Tuesday, April 24, 2012
Veterans with PTSD - Heroes or Monsters? My thoughts...
I am the wife of a Combat Infantry Veteran who has PTSD among other injuries. I am also an advocate that often spends 20 hours a day working with families like ours while caring for my own dear hero. I know their stories, their challenges, their fears. I also know that our heroes are not monsters.
Many families I know were approached by the Dr. Phil show to be part of Thursday’s show, and each one refused because of the tone of the producers. Spouses who were trying to talk about how their family was coping, about tools and support they’d found to help, were interrupted with endless questions about whether their husband was hitting them, about how often he was taken over by rage, about how horrible their lives were and how bad things “really” were. Those orchestrating the show were not looking for hope… they were looking for sensationalism.
So now, I feel a responsibility… a responsibility to try to tell the rest of the story… to fight against the stigma of PTSD that many warriors and those who love them face every day. It’s a stigma that was sadly strengthened on Thursday because of a drive for ratings. And thanks to that sensationalistic tactic, the jobs of advocates and spouses nationwide just got harder.
Why are our jobs harder? Because our veterans already sometimes feel like society views them as monsters. They are injured, they are living in broken places, and the majority of news coverage about PTSD covers the worst-case scenarios - the situations where heroes go too long without care, where their symptoms and struggles are ignored, where their family does not have the help and support it needs, where those in their support network are not educated with real-world information about this injury. While these stories grab headlines, they leave out the huge number of heroes and families who are coping, even when days are difficult, and building a new life with PTSD. This sort of coverage (which includes Dr. Phil’s episode entitled “From Heroes to Monsters?”) only serves to widen the gap between those who have served our country and those who benefit from that service but have little understanding about what post-traumatic stress disorder “looks” like in the average household.
That kind of coverage makes Veterans nervous about seeking treatment and getting “labeled” with a PTSD diagnosis. That kind of coverage makes potential employers less likely to hire current and prior servicemembers who have PTSD (the current unemployment rate for Veterans of Iraq and Afghanistan is at 12.1%). That kind of coverage makes it much harder for families dealing with the injury to reach out and find support. That kind of coverage makes the children in our Veteran community less likely to share their story (and thus find needed peer support) with friends. Basically, that kind of coverage is exactly what we don’t need.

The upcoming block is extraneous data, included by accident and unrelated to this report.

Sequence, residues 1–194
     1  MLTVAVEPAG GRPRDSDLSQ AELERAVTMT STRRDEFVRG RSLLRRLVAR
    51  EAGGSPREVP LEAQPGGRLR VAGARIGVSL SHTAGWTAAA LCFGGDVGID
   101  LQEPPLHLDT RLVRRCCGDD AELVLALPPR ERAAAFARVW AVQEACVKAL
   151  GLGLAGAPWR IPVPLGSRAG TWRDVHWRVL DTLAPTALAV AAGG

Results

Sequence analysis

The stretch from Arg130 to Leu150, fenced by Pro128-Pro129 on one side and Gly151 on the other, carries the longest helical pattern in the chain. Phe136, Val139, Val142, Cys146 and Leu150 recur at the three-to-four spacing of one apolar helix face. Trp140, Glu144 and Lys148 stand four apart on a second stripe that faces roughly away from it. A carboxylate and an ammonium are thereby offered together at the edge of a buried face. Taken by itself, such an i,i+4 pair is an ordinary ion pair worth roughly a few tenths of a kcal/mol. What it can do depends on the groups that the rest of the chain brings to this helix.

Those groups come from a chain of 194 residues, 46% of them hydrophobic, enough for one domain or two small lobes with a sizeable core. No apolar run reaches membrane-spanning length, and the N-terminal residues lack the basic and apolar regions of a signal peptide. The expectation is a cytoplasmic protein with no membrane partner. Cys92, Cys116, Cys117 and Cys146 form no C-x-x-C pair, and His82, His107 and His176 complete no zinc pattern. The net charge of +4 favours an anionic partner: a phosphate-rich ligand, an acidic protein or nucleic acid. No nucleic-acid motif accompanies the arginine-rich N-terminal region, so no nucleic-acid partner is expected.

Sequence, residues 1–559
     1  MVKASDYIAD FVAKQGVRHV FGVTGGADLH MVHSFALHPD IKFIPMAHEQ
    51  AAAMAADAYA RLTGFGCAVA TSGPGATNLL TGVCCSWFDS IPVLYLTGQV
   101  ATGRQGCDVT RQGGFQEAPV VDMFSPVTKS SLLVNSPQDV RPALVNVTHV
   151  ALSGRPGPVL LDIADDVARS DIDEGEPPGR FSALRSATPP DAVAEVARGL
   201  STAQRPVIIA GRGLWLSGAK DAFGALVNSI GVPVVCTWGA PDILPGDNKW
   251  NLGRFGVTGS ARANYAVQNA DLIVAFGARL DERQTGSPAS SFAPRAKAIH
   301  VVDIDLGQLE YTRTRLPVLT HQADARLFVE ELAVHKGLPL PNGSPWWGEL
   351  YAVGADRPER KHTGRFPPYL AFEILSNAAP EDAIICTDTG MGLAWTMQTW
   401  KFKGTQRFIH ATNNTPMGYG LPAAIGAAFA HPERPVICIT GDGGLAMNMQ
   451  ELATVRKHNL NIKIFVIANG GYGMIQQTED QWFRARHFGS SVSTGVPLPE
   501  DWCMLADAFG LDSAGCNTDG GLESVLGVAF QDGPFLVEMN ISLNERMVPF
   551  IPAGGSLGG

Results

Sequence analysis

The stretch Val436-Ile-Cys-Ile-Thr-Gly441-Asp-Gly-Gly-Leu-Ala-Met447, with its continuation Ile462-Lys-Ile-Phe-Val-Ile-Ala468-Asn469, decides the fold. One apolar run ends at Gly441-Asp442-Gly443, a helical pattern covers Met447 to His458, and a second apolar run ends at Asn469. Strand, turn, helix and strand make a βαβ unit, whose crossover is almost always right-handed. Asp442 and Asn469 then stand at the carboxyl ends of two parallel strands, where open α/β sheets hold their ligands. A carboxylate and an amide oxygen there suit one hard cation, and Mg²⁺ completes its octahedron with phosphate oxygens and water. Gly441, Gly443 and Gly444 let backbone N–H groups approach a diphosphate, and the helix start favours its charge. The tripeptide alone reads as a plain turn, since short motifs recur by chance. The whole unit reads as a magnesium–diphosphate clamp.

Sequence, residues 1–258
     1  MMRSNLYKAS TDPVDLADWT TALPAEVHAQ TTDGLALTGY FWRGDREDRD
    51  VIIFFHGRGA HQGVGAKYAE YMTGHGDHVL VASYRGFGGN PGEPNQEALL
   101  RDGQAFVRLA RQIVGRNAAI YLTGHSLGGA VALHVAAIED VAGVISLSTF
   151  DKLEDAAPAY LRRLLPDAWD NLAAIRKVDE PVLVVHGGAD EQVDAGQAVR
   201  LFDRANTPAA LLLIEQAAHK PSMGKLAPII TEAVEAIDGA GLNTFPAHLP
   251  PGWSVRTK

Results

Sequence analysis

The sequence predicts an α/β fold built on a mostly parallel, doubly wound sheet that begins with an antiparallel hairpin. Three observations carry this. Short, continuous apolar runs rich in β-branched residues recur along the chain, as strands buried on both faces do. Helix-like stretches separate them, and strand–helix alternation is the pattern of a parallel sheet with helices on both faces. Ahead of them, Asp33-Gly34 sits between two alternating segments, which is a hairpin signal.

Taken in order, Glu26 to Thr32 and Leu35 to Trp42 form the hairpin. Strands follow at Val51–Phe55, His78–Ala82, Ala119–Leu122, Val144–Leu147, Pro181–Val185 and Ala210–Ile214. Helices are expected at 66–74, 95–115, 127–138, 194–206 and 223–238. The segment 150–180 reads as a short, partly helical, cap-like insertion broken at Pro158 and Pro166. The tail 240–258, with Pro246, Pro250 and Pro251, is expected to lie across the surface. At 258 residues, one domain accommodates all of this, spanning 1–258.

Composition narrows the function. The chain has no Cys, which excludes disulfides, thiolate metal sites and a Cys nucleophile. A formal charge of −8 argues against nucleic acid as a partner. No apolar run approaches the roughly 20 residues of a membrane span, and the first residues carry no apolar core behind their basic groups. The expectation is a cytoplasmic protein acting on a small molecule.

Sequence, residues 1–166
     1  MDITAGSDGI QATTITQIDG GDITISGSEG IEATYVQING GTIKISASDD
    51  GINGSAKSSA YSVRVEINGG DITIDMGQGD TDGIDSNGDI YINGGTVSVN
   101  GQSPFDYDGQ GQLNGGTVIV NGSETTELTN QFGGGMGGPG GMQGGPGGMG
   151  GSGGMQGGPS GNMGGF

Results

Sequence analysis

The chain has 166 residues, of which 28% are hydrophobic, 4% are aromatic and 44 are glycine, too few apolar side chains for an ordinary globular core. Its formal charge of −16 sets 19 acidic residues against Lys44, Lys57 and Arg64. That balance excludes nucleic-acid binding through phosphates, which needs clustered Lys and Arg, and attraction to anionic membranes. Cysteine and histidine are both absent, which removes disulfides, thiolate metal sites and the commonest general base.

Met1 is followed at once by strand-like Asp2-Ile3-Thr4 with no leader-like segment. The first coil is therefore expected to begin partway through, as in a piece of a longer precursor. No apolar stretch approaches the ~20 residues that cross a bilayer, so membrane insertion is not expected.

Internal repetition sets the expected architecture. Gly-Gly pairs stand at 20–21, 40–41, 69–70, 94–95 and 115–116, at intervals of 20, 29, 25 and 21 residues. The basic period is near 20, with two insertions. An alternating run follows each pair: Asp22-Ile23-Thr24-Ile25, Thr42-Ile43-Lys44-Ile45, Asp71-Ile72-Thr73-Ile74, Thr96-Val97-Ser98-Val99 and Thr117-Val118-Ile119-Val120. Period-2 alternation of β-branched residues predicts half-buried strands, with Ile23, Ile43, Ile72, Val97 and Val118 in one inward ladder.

What do we need? We need people to understand that while our families may be broken, we are not giving up. We need society to comprehend that PTSD does not automatically mean that the heroes we love are violent. We need healthcare providers to step in before our stories become headlines and help orchestrate proper, thorough care. We need people who are willing to use their platforms to showcase the resolve, determination, and unbridled stubbornness within our community to pull ourselves up and persevere in the face of PTSD. We need to spread hope and information about successfully coping… not spread panic and alarm.
I will not say life with post-traumatic stress disorder is easy. Our family has been living with it for almost six years. Many days are a struggle in our household… a battle between this invisible thing that attempts suck us dry and the life we’re building post-combat. But, we continue… and so do hundreds of thousands of other heroes and families.
So, Dr. Phil, I can’t begin to tell you how disappointed I was by Thursday’s episode. And, I challenge you to offer a second look… a look at the heroes and loved ones who now spend their days educating themselves, pushing for treatment at all costs, finding ways to cope, and often helping others like them to do the same. I challenge you to showcase the families who are, slowly but surely, pushing forward. I challenge you to highlight the heroes and spouses who have faced domestic violence as a result of PTSD and have found their way back. I challenge you to tell the non-sensational stories… the stories that may not garner huge ratings… but will actually help foster hope and understanding. I challenge you to make a difference in the lives of those who have laid themselves down for you.
Proud wife of an OIF Veteran
Founder of FamilyOfaVet.com - an organization dedicated to helping heroes and their loved ones survive and thrive after combat with real world info about PTSD, TBI, and Life After Combat!